Friday, June 22, 2018

Lacy C. Barnett: History's Witness

The following was provided by Lacy C. Barnett, age 91 - alive, well, and corresponding via email.  Mr. Barnett was a 23-year-old U.S. Army corporal in July 1950 who, along with Pvt. Philip Hughes, was among the very first American soldiers sent to Korea. Photos courtesy of Mr. Barnett.

The U.S. Army’s ranks in the late 1940s contained a lot of teenagers, especially in post-war Japan. Too young to have served in World War II, many of these boys had older brothers or fathers who did.  These boys were often high school dropouts from humble circumstances worsened by the Great Depression. For many, the post-war Army offered structure and security that their families could not. I was one of those boys.

 “The Battle of Turkey Thicket,” by Christopher Russell, follows the story of another of these teenagers, Philip Thomas Hughes of Washington, D.C.  The reader does not get to know much about Philip, but instead gets to see what Philip sees as he uses the Army to escape a disintegrating family life.  By following Philip’s adventures in Japan and Korea, this true story effectively gives voice to the many boys who sacrificed their lives in a war that is now relegated to an obscure corner of American history.

Traditional history books provide the “big picture” story of conflict between nations and the choices made by their leaders.  “The Battle of Turkey Thicket” follows the opening phases of the Korean War from the view of an individual soldier. These pages reminded me of the chaos of those days: the first alert of our deployment from Sasebo at 0100 hours, 1 July 1950; steaming to Korea aboard the Takasago Maru on 2 July; the six-mile hike from the dock in Pusan to Camp Hialeah; and the train ride to front. We used equipment, uniforms, and even food left over from World War II. Unprecedented stress on the Army’s logistics created episodes where the only meals available to men in combat was baby food diverted from commissaries in Japan. 

We engaged not only enemy forces, but the discomforts of a swampy climate in an impoverished nation. We endured heat, insects, and water supplies tainted by human excrement used by the locals as fertilizer.  The countryside smelled foul, and within a matter of hours, so did we. As the North Koreans overran our positions one after another, our trucks weaved through masses of southbound refugees who travelled by foot. We shared unpaved roads that were maddeningly susceptible to either dust or mud.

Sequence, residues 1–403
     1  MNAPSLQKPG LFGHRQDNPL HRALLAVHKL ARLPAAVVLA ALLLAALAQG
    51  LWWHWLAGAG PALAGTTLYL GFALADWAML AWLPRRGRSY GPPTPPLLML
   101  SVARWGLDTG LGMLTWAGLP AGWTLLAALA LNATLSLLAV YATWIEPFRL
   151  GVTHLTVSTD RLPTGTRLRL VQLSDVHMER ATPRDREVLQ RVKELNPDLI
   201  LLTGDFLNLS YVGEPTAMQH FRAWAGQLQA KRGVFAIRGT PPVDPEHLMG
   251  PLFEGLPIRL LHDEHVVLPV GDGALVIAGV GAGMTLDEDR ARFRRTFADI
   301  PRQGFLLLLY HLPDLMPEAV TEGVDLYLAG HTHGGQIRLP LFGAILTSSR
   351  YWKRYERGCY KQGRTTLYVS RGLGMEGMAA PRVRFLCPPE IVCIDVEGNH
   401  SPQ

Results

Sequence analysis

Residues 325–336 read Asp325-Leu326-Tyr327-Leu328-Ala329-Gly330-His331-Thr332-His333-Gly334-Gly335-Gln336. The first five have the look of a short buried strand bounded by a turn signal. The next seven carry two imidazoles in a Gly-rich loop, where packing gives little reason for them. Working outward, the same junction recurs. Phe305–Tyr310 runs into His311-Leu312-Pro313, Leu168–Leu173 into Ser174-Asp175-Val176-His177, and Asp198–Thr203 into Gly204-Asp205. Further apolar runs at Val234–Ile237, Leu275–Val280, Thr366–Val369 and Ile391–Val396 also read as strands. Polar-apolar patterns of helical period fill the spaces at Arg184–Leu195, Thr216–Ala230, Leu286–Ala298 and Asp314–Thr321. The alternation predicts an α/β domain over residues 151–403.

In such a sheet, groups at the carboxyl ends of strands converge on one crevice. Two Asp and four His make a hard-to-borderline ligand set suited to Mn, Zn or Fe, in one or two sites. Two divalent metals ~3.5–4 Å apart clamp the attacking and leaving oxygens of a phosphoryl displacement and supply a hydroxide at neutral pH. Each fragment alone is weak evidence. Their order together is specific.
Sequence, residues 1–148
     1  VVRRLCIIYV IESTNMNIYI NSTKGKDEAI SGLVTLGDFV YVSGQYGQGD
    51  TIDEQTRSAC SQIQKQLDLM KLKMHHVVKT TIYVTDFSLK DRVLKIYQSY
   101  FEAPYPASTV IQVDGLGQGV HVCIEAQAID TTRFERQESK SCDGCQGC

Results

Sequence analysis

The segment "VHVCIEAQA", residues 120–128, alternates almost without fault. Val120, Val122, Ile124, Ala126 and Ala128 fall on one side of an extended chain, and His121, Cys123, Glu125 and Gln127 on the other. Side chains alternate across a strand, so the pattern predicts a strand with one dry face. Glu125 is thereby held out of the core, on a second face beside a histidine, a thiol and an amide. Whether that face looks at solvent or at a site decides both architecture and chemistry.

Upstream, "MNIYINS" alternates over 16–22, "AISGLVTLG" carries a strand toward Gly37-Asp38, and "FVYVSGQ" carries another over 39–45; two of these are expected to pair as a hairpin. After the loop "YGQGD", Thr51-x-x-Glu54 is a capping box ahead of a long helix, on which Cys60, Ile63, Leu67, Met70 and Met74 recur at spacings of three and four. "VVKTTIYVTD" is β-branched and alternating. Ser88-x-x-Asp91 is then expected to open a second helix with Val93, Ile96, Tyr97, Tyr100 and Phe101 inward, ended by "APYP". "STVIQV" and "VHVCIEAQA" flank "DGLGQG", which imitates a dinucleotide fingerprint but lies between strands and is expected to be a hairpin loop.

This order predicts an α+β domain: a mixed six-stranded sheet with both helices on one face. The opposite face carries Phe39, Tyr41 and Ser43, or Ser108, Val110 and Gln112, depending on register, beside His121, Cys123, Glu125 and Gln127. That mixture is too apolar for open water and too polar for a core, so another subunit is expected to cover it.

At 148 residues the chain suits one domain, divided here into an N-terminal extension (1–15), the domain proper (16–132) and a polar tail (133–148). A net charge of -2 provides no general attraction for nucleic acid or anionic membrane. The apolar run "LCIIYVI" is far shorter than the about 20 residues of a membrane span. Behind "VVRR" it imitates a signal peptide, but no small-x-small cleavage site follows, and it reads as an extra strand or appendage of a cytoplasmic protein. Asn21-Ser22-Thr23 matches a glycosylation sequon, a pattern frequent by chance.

Our beloved 34th Regiment was deactivated on 1 Sep 1950 due to heavy losses. Both Philip Hughes and I were among the regiment’s 184 survivors (out of 1,981). We were then reassigned to the 3rd Battalion, 19th Infantry Regiment. 

Philip was an infantryman with K Company of the 19th. That company took a lot of casualties between 8-12 September in engagements on Hill 300.  After surviving the fearsome days of July and August, Philip made the ultimate sacrifice on 12 September 1950.  At that time, I was a member of the medical platoon supporting Philip’s battalion.

Part of my duties were to identify the remains of our boys for subsequent handling by graves registration.  It is very possible that Philip Hughes was among the remains I handled.  Unfortunately, I don't have photographic memory, but I distinctly remember one man brought to our aid station there who was still gasping for breath. Our doctor worked on him, but to no avail. The doctor turned and ordered us to place his remains under a tree.  The man, clinically dead, continued to gasp every 30 seconds or so. For us young medics who had already seen so much, this was still alarming to watch.  Was this Philip Hughes?  We’ll never know for sure.

Devine intention so often distills good from the ills of life. It is my firm belief that without God in heaven looking over and caring for me, I would not be available to relate these thoughts in 2018. Had it not been for my deployment to Japan, I would not have met Alice in April 1949. By early 1950, we were engaged.  I was a 23-year-old kid form the Appalachian foothills of Alabama. She was a 24-year-old clerk-interpreter, the daughter of a Japanese mother and French father.  While not strictly forbidding such unions in those days, U.S. visa laws plus the Army’s deliberate bureaucracy imposed many hurdles intended largely to defeat all but the most determined of couples. Our relief came with U.S. Congressional action in 1951.

After raising two children who themselves are now entering retirement, Alice and I recently celebrated 68 years of marriage. 

Can anyone argue that God in heaven has not watched over me?

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